Whenever there is a post about CEO pay (or the success of any other wealthy individuals) the reaction from the socialists/progressives always leaves us non-socialists wondering if whether our left-leaning compatriots are motivated more by an envy of the rich than by compassion for the poor.
The truth is, I very much doubt that we actually know what CEO pay "should" be. Nor do we know how much taxes should be. People (especially the rich) are taxed a probably a higher rate than at any other point in history, and yet there are stills calls to make them pay their "fair share". How much is fair? If you don't have a good answer in mind then the escalation continues until the answer becomes "all of it" and then you get the liquidation of the kulaks.
What you learn about it by flipping TV remote and checking your favorite social media is not what you'll actually be getting at the end.
And it's not going to be pretty.
The only organized societies (at a state level) that have called themselves “socialist” are Leninist or descendants of Leninism; Leninism was (viewed generously) an attempt to adapt Marxist Communism to bypass the necessary (in Marx’s view) development through mature capitalism on which the socialist society, the next stage in the evolution to the communist end-state. Part of that adaptation is moving the development of a broad-based educated distributed ruling class from a prerequisite to the socialist transition to something which was to be built afterwards, with a narrow educated and ideologically pure vanguard assuming authoritative direction of the movement in the interim.
Modern Western forms of socialism, whether rooted in or identifying as Marxist or not (and many of them are neither) almost never are ideologically rooted in Leninism—for which there is no need, even if it worked well in its motivating case, in the developed world—or its descendants (with the exception that some of the far fringes are Maoist, but they are just a fragment of the fringes) and tend particularly to strongly reject vanguardism and authoritarianism in favor of more robust development of the democratic institutions of liberal democratic states. Western socialism is a continuation of the long arc of change in developed Western economies since Marx first described capitalism, not a recreation of the Leninists rejection of development through capitalism.
Whether Leninism is genuinely a socialism is a matter of fairly heated debate among self-styled socialists, but it is very clearly a very different thing than modern Western socialism, and it'd outcomes have limited, if any, value in assessing the merits of modern Western socialisms.
Am I on the right track there or not so much?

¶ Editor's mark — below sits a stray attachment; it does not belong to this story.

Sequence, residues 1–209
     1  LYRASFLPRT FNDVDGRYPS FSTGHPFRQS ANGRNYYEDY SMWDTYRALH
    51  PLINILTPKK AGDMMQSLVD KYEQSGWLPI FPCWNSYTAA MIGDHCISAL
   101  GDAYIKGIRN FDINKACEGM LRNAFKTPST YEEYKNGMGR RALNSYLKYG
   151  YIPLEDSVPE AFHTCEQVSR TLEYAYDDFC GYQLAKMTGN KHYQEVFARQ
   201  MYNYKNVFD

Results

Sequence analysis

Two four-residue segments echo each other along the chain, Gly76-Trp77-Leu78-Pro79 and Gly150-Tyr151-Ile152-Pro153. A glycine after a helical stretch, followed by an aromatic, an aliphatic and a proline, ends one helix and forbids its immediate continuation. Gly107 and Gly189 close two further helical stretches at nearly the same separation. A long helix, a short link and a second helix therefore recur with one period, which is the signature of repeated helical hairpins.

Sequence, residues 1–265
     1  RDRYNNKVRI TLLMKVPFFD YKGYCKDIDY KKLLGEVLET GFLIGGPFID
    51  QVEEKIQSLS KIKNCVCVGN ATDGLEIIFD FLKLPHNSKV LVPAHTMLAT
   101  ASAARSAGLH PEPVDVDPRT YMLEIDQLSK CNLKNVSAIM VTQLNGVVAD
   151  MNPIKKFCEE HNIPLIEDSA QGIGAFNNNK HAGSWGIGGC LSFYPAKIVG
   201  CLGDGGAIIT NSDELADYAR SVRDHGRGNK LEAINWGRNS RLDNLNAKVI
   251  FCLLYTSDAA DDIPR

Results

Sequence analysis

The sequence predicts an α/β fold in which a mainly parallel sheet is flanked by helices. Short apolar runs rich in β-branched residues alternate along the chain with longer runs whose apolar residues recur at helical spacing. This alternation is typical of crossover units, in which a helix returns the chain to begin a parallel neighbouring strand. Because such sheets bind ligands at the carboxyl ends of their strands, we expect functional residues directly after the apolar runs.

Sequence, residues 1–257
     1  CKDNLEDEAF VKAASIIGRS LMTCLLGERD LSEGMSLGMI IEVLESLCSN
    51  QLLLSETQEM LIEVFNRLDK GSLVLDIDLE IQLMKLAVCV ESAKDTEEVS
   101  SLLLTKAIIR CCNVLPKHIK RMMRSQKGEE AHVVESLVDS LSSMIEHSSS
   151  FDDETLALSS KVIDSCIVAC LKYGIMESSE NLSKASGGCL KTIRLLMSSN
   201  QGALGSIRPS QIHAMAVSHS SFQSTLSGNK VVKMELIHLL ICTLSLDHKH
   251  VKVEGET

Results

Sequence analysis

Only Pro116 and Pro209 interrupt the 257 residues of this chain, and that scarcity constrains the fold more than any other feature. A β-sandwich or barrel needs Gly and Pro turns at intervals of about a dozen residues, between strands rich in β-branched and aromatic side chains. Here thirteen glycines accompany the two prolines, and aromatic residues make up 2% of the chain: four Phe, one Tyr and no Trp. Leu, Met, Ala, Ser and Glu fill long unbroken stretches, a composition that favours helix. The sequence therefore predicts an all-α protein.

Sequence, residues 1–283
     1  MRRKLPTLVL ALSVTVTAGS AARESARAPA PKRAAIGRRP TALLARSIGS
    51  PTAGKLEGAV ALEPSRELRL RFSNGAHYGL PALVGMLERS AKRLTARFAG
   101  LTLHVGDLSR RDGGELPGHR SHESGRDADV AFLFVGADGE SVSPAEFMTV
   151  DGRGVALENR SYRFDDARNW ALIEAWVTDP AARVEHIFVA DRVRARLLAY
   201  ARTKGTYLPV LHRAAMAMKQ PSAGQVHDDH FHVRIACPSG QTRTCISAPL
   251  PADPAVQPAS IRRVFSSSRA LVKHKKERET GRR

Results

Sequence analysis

It does. It is social ownership of the means of production. As a democratic socialist AOC believes in worker ownership and democratically controlled market entities. Accordingly, she is very pro-union and pro government jobs programs. The GND has many aspects of a socialist jobs program. Free trade and higher education is a socialist position as well as a welfare position. Medicare for all is socialized insurance. 70% marginal tax rate is a way to limit the concentration of individual wealth and market/political control and while it is not inherently socialist it is extremely consistent with socialist values.
The UK has nationalized healthcare- doctors are literally employees of the government. It doesn't really get more socialist than that, but it's still just a single program. The government as a whole, and the country as a whole, leans significantly more towards liberal capitalism.
Very few terms that refer to current (as opposed to purely historical) movements or identity groups have single, universally accepted, strict definitions. That's true or “socialism”, it's true of “capitalism”, it's true of “Christianity”.
> AOC for example claims the label socialist, but as far as I can tell she’s not actually taken any socialist policy positions.
AOC is a member of the Democratic Socialists of America, which recently left the Socialist International because it viewed the latter as having slipped too far to the right and abandoned socialism by endorsing what the DSA saw as neoliberal economic policies. So, the DSA is to the left, ideologically, of the main global organization of socialist parties and groups.
Now, the DSA is also very much an incrementalist organization that sees socialism as a long-range goal, favoring what could easily be seen as evolutionary socialism. And AOC is one of I think three socialists between both houses of Congress, so it's not like even if she was an “as fast as possible” socialist ideologically she’d achieve much by, say, tabling a resolution to amend the Constitution to abolish private property in the means of production.